Blog posts tagged in kingdom of germany
Conrad I is the first king of East Francia to be elected by the five German 'stem duchies' - one of which is Alamannia - and becomes the first King of Germany, though he struggles to assert regal authority over the rebellious dukes.
Following a successful rebellion against King Conrad I of Germany, Alamannia becomes Swabia when the Alemannic Hunfriding family, in the person of Burchard II, establishes the Duchy of Swabia, with a territory that covers modern day Alsace in France, southern Baden-Württemberg and western Bavaria in Germany, western Austria, Lichtenstein, and northern Switzerland.
Image: Duchy of Swabia (yellow), courtesy of wikipedia, Marco Zanoli, http://en.wikipedia.org/wiki/File:Alamannien_Hochburgund_ca_1000.png
Having consolidated his control over the Duchy of Swabia, Burchard II recognises the newly elected King of Germany, Henry the Fowler, Duke of Saxony.
The German King Otto I is proclaimed Emperor of the Romans, thus founding the Holy Roman Empire. Initially covering the Kingdom of Germany (modern day Germany, Austria, and Switzerland) and northern Italy, the Holy Roman empire will expand to dominate central European politics until its dissolution in 1806.
Image: Holy Roman Empire around the 10th century, showing the Kingdom of Germany (blue), the Kingdom of Italy (purple), and the Kingdom of Burgundy (yellow, to the west) which was absorbed into the Holy Roman Empire in 1033.
Image Credit: ...
Count Radbot of Klettgau builds Habsburg castle near the village of the same name, then part of the Swabian county of Klettgau, now a municipality in the district of Brugg, in the Swiss canton of Aargau. His grandson Otto II takes the name von Habsburg from the castle, thus establishing what was to become one of the most powerful dynasties in European history. (Year is approximate - actual date is somewhere between 1020 - 1030).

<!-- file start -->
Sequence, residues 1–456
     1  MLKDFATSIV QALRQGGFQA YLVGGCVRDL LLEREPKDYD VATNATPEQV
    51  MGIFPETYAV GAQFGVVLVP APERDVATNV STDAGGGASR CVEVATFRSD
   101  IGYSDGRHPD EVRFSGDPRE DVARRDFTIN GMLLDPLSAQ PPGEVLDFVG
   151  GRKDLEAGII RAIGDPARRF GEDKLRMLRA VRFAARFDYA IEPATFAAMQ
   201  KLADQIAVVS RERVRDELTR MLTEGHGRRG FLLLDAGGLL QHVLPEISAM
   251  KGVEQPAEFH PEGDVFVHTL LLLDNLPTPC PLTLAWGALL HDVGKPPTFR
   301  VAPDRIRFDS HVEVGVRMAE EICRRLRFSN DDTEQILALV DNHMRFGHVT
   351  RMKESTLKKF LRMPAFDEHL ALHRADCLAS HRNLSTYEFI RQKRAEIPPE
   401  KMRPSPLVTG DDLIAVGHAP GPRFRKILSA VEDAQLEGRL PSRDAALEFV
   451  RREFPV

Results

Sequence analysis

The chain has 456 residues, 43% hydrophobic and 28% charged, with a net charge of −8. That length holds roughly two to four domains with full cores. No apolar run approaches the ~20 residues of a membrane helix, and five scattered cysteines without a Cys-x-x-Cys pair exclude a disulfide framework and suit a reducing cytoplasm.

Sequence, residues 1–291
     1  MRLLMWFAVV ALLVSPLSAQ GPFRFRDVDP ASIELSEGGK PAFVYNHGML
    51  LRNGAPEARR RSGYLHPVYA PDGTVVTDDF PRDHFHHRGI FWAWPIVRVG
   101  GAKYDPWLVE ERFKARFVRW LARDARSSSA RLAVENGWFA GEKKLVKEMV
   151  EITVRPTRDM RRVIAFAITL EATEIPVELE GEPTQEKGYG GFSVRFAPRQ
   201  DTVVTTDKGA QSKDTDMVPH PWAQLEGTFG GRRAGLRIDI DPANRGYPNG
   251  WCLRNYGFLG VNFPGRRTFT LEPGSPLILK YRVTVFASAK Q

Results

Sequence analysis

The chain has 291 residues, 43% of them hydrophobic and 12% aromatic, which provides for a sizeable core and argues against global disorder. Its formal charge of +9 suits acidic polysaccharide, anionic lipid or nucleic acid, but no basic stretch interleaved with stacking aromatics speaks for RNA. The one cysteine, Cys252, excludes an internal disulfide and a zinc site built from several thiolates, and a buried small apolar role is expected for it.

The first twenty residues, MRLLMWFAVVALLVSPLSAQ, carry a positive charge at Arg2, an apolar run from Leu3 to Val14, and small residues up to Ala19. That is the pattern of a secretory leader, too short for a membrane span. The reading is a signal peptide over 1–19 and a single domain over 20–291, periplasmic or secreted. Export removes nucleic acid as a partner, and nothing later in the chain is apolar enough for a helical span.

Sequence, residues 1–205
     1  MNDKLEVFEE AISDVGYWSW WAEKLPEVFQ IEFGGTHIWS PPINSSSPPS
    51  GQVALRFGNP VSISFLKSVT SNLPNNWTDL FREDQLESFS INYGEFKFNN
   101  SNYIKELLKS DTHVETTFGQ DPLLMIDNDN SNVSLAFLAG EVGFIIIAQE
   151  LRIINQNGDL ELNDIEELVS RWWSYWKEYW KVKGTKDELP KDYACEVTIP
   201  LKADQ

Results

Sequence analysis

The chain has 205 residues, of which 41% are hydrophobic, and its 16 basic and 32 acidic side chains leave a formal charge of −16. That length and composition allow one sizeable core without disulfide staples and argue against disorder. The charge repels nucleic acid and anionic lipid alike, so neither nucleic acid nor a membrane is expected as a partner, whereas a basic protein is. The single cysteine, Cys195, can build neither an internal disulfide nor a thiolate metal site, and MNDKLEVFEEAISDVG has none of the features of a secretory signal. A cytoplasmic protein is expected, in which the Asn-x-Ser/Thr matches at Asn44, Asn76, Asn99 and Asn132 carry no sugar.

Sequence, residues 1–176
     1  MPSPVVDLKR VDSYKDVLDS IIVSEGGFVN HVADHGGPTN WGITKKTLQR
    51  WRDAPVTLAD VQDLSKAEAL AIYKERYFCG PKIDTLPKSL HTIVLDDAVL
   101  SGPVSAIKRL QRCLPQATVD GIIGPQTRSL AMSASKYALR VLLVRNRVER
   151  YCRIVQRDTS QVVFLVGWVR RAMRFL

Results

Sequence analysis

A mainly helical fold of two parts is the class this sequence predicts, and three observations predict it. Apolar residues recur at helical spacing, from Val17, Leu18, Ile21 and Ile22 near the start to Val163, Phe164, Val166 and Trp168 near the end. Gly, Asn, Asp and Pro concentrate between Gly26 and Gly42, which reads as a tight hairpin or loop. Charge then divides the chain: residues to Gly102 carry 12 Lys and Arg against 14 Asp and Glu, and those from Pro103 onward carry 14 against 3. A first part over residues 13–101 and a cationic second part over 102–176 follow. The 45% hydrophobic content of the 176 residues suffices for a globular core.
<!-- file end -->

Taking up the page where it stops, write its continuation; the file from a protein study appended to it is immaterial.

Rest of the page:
Image Credit: By Roland Zumbühl (Picswiss), Arlesheim (Commons:Picswiss project) [GFDL (http://www.gnu.org/copyleft/...
German King Henry IV appoints Count Frederick von Hohenstaufen as Duke of Swabia. The 'Swabian Dynasty' or 'Staufer', as the House of Hohenstaufen is also known, will go on to rule as Kings of Germany and Holy Roman Emperors.
On 7th March 1138 in Koblenz, Conrad von Hohenstaufen is elected King of Germany and styles himself King of the Romans. He is not crowned Emperor of the Romans - a coronation that until the 16th century only the Pope can perform - but his reign as Conrad III begins a Hohenstaufen hegemony that doesn't end until the mid 13th century after a succession of nine Staufer kings, three of which are crowned Emperor.